TAPESTRY COWL

Mollie Makes - - Contents -

Ex­per­i­ment with cro­chet colour­work

MA­TE­RI­ALS

Mal­abrigo Twist, 100% baby merino, 137m/150yd per 100g skein; one skein each in Zinc (613) (Yarn A), Da­mask (130) (Yarn B), Sun­set (96) (Yarn C), Azul Pro­fundo (150) (Yarn D), Nat­u­ral (63) (Yarn E) and Olive (56) (Yarn F) 5mm (UK 6, US H/8) cro­chet hook Stitch marker Yarn nee­dle

TEN­SION

Ten­sion in tapestry cro­chet will be dif­fer­ent than with reg­u­lar cro­chet, so it’s im­por­tant to test your ten­sion be­fore you start. To cre­ate a ten­sion swatch for a project worked in the round, sim­ply make a swatch work­ing in rows, cut­ting your yarn at the end of each row and start­ing again at the begin­ning of pre­vi­ous row. Ap­prox. 14sts and 12 rounds (rows) in dou­ble cro­chet worked in BLO to mea­sure to 10cm (4") square.

ABBREVIATI­ONS

st(s) stitch(es) ch chain ss slip stitch dc dou­ble cro­chet RS right side WS wrong side rep re­peat beg begin­ning prev pre­vi­ous BLO work stitch through the back loop only

FIN­ISHED SIZE

131cm (51 ") cir­cum­fer­ence and 16.5cm (6 ") high For win­ter walks and last-minute Christmas shop­ping dashes, you’ve got to have a state­ment cowl to bun­dle up in. We’re lov­ing the Aztec-style pat­tern on this cro­chet ver­sion, and the fact it’s worked in merino wool gives it ex­tra cosy points – plus, it’s long enough to wrap around you twice.

The bold geo­met­ric shapes are cre­ated us­ing tapestry cro­chet colour­work. If you’ve never tried this tech­nique be­fore, make sure to read the in­struc­tions be­low thor­oughly be­fore start­ing.

In­struc­tions

Tapestry cro­chet is a method which uses two or more colours in a pat­tern to cre­ate a multi-coloured fab­ric, much like Fair Isle in knit­ting. It’s nor­mally used with dc, as in this de­sign. When work­ing tapestry

cro­chet, you’ll be us­ing two or more colours of yarn on each row, and will need to ‘carry’ the yarn not in use at any one time. This can be done by leav­ing the un­used yarn at the back of the work, or, for a neater fin­ish, by en­cas­ing the yarn as you work by work­ing over the un­used thread. With this project, you need to en­case the yarn, as the back of the work will be seen, and leav­ing the yarn float­ing at the back will look un­tidy. The chart above shows the colour of the stitches, with each square of colour rep­re­sent­ing a stitch. Read­ing the chart is sim­ple: read from the bot­tom up, and from right to left. With this pat­tern, two colours are used in each round, there­fore you only have to carry one colour of yarn at any time. As with all colour­work, you must change to a new colour of stitch on the last step of the pre­vi­ous stitch. If the next round re­quires dif­fer­ent colours, then break one or both yarns as needed and join the new colours for the next round. The cowl is worked in con­tin­u­ous rounds. Use a stitch marker to mark the end of each round and move it up as you work. The cowl is worked in dc through the back loop only.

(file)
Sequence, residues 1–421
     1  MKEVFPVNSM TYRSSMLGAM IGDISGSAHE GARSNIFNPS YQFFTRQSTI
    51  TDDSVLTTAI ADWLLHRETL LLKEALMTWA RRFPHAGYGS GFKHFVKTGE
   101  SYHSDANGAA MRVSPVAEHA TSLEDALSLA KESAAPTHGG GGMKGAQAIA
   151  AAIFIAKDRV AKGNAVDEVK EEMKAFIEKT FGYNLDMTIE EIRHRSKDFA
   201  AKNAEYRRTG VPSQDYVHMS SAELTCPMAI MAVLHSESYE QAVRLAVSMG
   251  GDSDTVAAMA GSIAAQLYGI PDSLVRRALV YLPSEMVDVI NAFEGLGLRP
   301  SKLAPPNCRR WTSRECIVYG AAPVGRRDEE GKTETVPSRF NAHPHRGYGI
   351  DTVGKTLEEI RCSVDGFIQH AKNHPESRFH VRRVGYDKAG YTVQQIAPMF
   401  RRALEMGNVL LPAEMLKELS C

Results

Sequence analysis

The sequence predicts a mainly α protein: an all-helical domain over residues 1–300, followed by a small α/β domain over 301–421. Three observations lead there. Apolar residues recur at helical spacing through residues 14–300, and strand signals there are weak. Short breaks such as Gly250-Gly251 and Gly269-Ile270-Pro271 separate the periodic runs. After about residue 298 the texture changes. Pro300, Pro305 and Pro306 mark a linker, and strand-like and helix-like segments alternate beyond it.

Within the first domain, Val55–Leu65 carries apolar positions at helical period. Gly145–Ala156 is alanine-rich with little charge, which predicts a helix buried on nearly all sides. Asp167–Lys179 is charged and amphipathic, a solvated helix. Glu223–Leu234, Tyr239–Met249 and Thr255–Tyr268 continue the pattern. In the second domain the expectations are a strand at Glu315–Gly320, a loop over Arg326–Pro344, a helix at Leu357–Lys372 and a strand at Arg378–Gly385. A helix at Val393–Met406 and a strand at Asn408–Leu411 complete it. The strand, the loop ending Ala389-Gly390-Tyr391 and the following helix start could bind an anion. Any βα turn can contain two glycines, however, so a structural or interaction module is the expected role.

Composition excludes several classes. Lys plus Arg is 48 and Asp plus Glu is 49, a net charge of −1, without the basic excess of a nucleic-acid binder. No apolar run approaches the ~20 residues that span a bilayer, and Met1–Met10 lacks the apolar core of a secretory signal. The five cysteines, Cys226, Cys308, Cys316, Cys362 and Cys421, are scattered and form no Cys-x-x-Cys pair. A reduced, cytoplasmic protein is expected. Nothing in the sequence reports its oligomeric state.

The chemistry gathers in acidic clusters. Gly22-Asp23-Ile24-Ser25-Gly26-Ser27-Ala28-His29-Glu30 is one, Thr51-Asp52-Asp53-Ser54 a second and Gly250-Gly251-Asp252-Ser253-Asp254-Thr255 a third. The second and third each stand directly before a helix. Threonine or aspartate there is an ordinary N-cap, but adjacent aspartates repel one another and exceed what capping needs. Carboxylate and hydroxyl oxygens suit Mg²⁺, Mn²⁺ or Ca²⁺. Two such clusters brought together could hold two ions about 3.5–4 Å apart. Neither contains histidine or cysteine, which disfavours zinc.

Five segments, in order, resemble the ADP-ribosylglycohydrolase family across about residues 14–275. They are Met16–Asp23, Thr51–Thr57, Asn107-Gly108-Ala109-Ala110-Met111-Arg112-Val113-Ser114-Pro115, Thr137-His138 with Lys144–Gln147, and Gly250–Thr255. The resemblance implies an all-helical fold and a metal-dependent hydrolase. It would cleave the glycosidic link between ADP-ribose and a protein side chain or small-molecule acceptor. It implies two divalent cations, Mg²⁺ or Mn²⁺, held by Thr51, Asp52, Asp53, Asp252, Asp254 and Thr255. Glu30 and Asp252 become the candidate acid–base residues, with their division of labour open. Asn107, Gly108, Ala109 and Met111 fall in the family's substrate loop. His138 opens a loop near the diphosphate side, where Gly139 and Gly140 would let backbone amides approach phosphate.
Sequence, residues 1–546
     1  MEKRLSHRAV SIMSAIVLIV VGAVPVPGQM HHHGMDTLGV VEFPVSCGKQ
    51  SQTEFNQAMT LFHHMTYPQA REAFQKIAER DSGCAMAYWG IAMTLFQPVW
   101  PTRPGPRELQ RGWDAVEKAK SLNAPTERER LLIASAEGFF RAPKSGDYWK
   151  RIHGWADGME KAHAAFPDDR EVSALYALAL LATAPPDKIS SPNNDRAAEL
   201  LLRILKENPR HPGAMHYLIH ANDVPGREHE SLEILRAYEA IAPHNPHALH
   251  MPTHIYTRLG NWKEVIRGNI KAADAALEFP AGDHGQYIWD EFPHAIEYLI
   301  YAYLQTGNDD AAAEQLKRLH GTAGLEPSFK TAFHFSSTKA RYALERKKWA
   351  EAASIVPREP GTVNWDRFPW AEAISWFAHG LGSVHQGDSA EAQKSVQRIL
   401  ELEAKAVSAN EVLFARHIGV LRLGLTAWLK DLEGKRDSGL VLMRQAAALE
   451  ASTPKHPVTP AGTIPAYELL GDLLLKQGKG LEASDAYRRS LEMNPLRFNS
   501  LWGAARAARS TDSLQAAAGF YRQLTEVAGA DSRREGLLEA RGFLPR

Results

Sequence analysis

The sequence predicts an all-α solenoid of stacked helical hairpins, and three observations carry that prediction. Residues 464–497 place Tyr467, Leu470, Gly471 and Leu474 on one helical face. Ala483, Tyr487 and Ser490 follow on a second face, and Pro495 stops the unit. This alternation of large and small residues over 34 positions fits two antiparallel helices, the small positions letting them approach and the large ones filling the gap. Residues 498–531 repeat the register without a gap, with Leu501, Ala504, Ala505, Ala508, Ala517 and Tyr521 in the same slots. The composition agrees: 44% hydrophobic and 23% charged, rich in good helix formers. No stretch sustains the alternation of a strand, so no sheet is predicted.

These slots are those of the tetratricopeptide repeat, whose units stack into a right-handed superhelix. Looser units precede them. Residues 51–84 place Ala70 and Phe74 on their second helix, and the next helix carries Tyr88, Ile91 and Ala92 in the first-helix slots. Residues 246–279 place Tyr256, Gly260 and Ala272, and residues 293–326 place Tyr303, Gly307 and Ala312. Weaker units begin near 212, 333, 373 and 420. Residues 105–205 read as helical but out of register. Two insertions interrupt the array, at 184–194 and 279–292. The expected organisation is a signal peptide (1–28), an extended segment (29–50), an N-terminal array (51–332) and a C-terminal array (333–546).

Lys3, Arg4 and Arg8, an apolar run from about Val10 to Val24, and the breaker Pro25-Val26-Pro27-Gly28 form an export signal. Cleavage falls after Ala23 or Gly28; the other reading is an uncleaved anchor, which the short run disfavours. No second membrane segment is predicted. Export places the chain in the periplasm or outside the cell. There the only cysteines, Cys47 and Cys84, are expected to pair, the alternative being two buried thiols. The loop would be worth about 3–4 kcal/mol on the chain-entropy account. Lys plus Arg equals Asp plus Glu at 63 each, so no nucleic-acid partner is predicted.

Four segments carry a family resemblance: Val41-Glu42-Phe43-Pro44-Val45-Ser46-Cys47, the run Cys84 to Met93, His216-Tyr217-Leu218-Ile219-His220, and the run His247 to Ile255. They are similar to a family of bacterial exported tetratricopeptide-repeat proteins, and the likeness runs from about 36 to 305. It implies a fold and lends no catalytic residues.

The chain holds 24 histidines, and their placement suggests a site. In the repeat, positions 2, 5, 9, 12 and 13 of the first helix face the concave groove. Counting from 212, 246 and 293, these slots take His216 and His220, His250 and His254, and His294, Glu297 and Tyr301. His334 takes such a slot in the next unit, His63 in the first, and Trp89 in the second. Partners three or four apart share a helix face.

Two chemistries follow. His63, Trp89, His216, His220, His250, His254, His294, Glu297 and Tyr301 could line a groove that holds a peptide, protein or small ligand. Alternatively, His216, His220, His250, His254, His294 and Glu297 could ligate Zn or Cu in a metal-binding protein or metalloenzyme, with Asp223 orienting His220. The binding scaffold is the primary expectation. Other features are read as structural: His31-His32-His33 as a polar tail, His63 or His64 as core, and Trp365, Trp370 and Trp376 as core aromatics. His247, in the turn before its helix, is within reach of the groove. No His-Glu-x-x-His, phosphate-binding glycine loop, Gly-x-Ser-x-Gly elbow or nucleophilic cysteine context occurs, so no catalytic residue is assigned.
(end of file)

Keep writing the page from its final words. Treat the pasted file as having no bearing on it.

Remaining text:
Cowl

Us­ing Yarn A, ch180, ss in 1st ch to join to form a ring, be­ing care­ful not to twist the ch Round 1 work­ing in the back loop of the ch, work Row 1 of chart, work­ing 12 st pat­tern re­peat 15 times around, con­tinue work­ing in a spi­ral [180 dc] Rounds 2-19 work Rows 2-19 of chart in dc in BLO; on the last st of Round 19 ss to join the cowl neatly and fas­ten off

Fin­ish­ing

Weave in any loose ends.

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